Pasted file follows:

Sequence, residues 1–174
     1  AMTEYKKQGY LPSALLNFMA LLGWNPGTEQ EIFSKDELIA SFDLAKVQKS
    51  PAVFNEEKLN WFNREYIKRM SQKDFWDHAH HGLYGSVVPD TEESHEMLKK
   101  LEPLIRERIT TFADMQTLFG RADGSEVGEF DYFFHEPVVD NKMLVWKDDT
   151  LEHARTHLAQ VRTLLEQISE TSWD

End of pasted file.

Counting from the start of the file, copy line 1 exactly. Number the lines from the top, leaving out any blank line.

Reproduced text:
Sequence, residues 1–174